Let Them Eat Cake

Take two cake lovers, a dol­lop of skill and cre­ativ­ity and mix well. The re­sult? Mag­i­cal cre­ations and a book full of mem­ory-mak­ing recipes

Food - - Contents - Words: Nicky Pel­le­grino

Two cake lovers cre­ate magic in the kitchen and a book full of mem­ory-mak­ing recipes

There is a cake that looks like a cas­tle, there is a trea­sure chest and a princess, even a monarch but­ter­fly. The 80 cel­e­bra­tion cakes in The Great New Zealand Birth­day Cake Book are mag­i­cal. And the story of how 25-year-old Jazmine Nixon came to cre­ate them has a fairy­tale qual­ity about it too.

Auck­lan­der Jazmine isn’t a celebrity chef or a fa­mous blog­ger; not so long ago she wasn’t even an es­pe­cially good baker. “I was al­ways the one who got the recipe wrong or for­got to put the lid on the blender,” she ad­mits.

Five years ago she re­turned to New Zealand af­ter a stint as a semi-pro­fes­sional wind­surfer and got into bak­ing the kinds of treats she hadn’t been al­lowed to eat while she was com­pet­ing, teach­ing her­self from books and Youtube clips. Then a friend asked her to cre­ate a 21st birth­day cake. “I look back now and think it was ter­ri­ble,” she says, “but we cov­ered the holes and scrapes with lit­tle daisies and it looked fine. And it was fun. I loved the feel­ing of giv­ing her a present that was re­ally worth some­thing to her.”

There were 10 more cakes that year as Jazmine’s close cir­cle of friends all turned 21. And then they started get­ting mar­ried, so of course she baked and dec­o­rated their wed­ding cakes. Still it might have stayed a hobby if not for the fact that Jazmine’s hus­band, Josh, is the nephew of Mur­ray Thom, cre­ator of best­sellers like The Great New Zealand Cook­book.

In­spired by an old Aus­tralian Women’s Weekly book from the 1980s, Mur­ray and his team had turned their at­ten­tion to birth­day cakes. And they had seen pic­tures of Jazmine’s amaz­ing work so she was the ob­vi­ous choice to be in­volved.

“I knew it was go­ing to be hard work, but also that it would be awe­some and I’d never get another op­por­tu­nity like it again,” she says.

So last year Jazmine spent two months dec­o­rat­ing 10 cakes a week in the kitchen of her mother-in-law Wendy’s house, while also work­ing full­time as a graphic de­signer for her father’s real es­tate busi­ness.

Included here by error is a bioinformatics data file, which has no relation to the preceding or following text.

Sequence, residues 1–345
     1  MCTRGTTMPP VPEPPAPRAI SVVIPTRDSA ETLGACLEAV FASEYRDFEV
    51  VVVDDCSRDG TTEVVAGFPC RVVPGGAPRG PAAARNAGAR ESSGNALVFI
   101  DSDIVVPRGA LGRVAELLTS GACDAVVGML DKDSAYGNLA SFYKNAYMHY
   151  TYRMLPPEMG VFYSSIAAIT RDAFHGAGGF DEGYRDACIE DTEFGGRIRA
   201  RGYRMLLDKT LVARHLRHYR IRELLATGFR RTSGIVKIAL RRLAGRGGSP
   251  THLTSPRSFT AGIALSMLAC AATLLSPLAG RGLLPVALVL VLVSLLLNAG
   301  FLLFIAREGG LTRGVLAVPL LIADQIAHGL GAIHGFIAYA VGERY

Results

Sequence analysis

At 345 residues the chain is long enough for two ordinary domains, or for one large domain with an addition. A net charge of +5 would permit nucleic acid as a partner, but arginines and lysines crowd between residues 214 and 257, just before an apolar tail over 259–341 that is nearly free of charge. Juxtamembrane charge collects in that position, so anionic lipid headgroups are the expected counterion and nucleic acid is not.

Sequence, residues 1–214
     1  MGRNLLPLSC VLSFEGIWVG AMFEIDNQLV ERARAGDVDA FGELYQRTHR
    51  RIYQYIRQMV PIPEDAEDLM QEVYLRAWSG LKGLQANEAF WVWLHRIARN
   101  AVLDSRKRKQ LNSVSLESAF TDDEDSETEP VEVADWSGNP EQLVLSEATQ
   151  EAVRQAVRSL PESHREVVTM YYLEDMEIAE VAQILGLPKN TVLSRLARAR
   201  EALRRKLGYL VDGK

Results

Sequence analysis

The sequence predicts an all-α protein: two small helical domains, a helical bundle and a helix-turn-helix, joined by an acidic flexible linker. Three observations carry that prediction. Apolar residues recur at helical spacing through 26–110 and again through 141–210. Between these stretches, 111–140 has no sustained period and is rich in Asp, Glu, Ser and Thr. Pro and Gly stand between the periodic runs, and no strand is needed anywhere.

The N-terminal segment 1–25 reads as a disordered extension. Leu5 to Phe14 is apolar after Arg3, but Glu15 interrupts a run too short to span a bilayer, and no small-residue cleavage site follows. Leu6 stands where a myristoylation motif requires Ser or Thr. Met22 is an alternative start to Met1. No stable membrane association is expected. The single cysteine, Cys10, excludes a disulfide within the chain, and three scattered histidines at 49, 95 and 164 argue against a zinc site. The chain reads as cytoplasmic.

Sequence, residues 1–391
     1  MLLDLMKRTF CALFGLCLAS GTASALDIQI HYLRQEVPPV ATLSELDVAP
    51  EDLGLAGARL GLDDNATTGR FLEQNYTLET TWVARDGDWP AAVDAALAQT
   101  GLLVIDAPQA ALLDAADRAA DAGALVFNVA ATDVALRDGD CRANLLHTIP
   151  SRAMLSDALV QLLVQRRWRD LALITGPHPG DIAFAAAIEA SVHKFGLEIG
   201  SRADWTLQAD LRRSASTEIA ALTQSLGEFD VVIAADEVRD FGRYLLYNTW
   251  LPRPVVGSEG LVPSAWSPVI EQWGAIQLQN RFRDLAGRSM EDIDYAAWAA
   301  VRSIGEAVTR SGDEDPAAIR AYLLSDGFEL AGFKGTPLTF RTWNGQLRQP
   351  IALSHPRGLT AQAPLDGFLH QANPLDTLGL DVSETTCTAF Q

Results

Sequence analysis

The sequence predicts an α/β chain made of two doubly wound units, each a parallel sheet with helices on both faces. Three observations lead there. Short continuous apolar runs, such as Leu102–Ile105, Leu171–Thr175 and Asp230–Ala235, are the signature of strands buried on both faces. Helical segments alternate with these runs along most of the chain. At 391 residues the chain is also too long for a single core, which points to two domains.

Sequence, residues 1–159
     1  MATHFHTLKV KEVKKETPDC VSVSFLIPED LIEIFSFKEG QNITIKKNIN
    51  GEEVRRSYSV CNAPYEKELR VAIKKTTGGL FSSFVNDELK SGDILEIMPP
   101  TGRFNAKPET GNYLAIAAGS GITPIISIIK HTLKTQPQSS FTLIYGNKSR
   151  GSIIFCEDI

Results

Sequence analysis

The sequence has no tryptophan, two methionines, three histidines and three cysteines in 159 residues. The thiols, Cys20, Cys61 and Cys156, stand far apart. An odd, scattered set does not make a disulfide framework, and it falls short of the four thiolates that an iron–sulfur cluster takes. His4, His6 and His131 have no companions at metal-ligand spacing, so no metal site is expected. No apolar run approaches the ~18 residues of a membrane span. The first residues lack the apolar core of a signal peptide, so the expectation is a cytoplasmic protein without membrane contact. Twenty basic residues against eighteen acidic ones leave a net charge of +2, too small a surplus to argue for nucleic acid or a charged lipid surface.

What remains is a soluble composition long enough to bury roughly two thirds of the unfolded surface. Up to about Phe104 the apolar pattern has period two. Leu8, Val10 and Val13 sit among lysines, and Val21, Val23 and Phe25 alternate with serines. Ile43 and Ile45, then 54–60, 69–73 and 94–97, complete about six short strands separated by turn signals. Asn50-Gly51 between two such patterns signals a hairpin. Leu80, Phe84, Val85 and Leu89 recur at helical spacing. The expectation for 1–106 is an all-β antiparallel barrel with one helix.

Her mem­o­ries of that time are lost in a haze of ic­ing sugar and lack of sleep, but she does re­call cakes ev­ery­where – all through the kitchen, the lounge and even the garage.

“I know I couldn’t have done it with­out Wendy,” she says. “She helped with ev­ery­thing. It was re­ally cool to have the chance to spend so much time with her.”

They wanted the book to have a Kiwi flavour, so there are lots of our icons

Her mem­o­ries of that time are lost in a haze of ic­ing sugar and lack of sleep, but she does re­call cakes ev­ery­where

trans­formed into cakes, like a rugby jersey and a kina shell. They also needed to cover the old clas­sics, like the cake train. “Those were quite in­tim­i­dat­ing to recre­ate with­out copy­ing,” Jazmine ad­mits. “I wanted to do some­thing fresh.”

While she was in charge of carv­ing and ic­ing, the cake base recipes were sup­plied by “Global Baker” Dean Brettschnei­der. But she doesn’t know what they taste like, be­cause she isn’t al­lowed to eat them. “Three years ago I was di­ag­nosed as be­ing coeliac,” she ex­plains. “It was dev­as­tat­ing. Mum and I were in tears in the doc­tor’s surgery and he had no idea why we were so emo­tional. I can still eat the ic­ing though and I love that.”

While she’s not plan­ning to give up her day job and be­come a full­time caker, Jazmine can’t wait for her and her friends to start hav­ing kids so she has a new gen­er­a­tion to sup­ply with her cre­ations.

“I love bak­ing,” she says. “I love the sugar and the joy and most of all the ex­cite­ment on the faces of chil­dren when they see what I’ve made.”

‘I love bak­ing. I love the sugar and the joy and most of all the ex­cite­ment on the faces of chil­dren when they see what I’ve made.’

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